Effectiveness of brace treatment: a systematic review
© Maruyama et al; licensee BioMed Central Ltd. 2010
Published: 10 September 2010
Despite the wide use of bracing for the treatment of adolescent idiopathic scoliosis (AIS), its effectiveness remains controversial. The purpose of this study was to investigate effectiveness of the bracing in the treatment of AIS through systematic review of the literature.
Materials and methods
A computer aided search of Pub Med database was performed using the keywords, <scoliosis> and <brace> in September 2009. From the retrieved abstracts, studies comparing the results of brace treatment for AIS with no-treatment, other conservative treatments, or surgery were selected. Extracted outcomes including radiological curve progression, incidence of surgery, and quality of life (QOL) were analyzed.
From a total of 1133 abstracts, 20 studies were finally selected. There were no randomized controlled trial, 2 nonrandomized clinical controlled trials (CCT) and 18 retrospective case-control studies.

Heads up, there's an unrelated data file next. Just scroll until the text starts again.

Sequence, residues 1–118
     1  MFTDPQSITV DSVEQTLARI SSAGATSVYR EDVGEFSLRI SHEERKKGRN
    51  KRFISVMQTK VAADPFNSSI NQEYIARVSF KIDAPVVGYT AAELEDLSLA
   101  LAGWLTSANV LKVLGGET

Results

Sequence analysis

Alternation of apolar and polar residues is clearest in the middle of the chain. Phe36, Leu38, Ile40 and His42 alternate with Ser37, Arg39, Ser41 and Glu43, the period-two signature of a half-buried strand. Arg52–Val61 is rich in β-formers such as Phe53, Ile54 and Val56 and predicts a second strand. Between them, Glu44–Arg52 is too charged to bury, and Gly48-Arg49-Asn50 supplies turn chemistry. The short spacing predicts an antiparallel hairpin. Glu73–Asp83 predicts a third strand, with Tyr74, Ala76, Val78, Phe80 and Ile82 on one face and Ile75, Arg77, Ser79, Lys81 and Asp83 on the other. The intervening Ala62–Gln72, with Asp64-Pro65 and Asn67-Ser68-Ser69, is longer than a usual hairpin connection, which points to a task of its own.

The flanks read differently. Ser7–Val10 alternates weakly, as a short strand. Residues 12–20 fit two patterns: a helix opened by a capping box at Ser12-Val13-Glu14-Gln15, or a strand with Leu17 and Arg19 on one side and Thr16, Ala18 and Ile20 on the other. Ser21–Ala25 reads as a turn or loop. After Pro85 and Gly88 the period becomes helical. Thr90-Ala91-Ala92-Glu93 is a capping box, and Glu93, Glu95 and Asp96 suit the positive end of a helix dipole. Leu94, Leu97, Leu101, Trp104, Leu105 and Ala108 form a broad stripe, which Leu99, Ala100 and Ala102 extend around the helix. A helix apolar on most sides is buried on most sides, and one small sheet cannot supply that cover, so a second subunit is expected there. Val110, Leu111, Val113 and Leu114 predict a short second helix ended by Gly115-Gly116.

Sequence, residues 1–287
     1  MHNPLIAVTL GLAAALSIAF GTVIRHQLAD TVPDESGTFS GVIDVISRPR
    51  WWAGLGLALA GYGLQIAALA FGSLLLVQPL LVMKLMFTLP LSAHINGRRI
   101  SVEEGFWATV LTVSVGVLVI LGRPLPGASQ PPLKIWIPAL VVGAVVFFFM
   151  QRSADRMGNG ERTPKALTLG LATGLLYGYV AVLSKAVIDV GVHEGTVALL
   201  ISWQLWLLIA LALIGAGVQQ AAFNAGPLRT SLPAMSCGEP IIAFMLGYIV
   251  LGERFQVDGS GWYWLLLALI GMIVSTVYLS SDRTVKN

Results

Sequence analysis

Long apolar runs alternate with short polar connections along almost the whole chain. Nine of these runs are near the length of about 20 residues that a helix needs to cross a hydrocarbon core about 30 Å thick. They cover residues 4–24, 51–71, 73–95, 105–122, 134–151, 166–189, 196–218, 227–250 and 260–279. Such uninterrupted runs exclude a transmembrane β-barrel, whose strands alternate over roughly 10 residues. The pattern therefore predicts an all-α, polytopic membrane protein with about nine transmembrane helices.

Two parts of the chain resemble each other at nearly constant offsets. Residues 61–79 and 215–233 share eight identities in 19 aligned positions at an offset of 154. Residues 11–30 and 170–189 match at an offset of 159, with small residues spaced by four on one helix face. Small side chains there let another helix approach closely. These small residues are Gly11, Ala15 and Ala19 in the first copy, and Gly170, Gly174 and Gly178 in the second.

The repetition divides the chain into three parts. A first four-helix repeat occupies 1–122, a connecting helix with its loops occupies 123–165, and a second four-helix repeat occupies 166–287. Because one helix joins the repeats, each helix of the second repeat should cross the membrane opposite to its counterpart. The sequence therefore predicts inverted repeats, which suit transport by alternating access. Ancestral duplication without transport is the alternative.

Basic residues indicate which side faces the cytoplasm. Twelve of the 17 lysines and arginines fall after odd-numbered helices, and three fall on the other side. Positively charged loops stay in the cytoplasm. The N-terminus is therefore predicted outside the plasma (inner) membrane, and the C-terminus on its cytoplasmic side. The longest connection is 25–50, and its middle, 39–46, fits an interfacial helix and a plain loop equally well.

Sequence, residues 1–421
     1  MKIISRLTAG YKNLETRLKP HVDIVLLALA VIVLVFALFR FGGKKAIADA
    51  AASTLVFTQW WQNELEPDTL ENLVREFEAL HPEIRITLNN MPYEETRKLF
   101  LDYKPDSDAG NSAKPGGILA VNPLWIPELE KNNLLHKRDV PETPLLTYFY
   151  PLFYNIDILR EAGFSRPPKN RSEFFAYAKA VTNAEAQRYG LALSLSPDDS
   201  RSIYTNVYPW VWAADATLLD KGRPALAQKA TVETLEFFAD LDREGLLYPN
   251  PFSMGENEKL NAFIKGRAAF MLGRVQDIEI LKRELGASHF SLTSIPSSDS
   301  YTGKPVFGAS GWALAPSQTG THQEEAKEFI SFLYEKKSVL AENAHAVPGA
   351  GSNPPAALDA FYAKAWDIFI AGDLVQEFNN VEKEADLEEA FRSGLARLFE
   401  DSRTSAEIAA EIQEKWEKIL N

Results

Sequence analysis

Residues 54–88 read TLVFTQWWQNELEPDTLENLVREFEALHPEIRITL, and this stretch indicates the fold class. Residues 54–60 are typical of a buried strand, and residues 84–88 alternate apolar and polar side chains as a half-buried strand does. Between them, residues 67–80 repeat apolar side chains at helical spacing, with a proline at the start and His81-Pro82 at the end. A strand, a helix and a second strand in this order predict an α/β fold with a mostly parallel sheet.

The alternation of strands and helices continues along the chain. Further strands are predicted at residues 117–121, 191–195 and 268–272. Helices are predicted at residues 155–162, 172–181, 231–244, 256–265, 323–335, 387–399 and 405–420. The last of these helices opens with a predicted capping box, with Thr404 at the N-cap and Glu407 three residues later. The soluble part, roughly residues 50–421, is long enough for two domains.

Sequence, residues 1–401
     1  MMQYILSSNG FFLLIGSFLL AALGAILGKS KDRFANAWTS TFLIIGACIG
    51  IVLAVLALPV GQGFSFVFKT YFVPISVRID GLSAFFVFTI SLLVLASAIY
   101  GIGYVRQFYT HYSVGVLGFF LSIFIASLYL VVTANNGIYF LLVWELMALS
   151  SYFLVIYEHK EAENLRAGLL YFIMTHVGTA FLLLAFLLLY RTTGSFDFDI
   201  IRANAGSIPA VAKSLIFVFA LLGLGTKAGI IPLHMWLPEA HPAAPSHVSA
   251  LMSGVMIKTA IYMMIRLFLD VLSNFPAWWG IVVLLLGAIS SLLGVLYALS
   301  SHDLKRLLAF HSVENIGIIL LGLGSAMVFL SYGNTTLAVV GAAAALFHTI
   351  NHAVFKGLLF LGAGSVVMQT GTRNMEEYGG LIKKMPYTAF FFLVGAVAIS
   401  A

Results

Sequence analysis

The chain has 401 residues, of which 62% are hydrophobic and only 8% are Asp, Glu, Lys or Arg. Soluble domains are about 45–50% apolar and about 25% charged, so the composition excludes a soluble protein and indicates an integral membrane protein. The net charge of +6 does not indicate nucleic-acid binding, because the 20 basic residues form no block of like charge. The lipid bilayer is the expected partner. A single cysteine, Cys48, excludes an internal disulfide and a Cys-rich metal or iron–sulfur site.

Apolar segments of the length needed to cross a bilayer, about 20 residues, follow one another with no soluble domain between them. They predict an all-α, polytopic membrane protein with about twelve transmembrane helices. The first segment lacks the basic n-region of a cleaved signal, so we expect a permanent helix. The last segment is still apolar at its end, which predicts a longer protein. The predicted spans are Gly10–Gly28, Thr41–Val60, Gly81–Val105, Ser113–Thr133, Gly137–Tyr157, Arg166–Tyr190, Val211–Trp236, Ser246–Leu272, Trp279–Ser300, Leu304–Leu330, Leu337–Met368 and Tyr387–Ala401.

One CCT demonstrated lower failure rate with bracing than with observation in girls with Cobb angle of 25 to 35° . Another CCT with a follow-up period of 16 years showed lower progression rate and less incidence of surgery with bracing than with observation in girls with Cobb angles around 30o. There was conflicting evidence that the bracing affects the QOL of the patients, compared with their observed counterparts.
One CCT demonstrated lower failure rate with bracing than with electrical stimulation in girls with Cobb angle of 25 to 35 degrees. An advantage of the bracing over side-shift exercise or casting was not certified.
QOL of the patients treated with brace was not different from those treated surgically, although comparison is difficult because in most of the studies curve magnitude at baseline was considerably larger in the surgery group.
There was no high validation study comparing brace treatment with observation or other treatments. One main reason is the difficulty to conduct randomized controlled trials in the treatment of AIS. Well-constructed prospective studies that employ historical controls for comparison may deserve more attention.
Although the evidence level is limited, bracing has more effect than observation or electrical stimulation to prevent progression and may not have a negative impact on patients of QOL. Therefore, bracing can be recommended for the treatment of AIS, at least for female patients with Cobb angle of 25 to 35o.
This article is published under license to BioMed Central Ltd.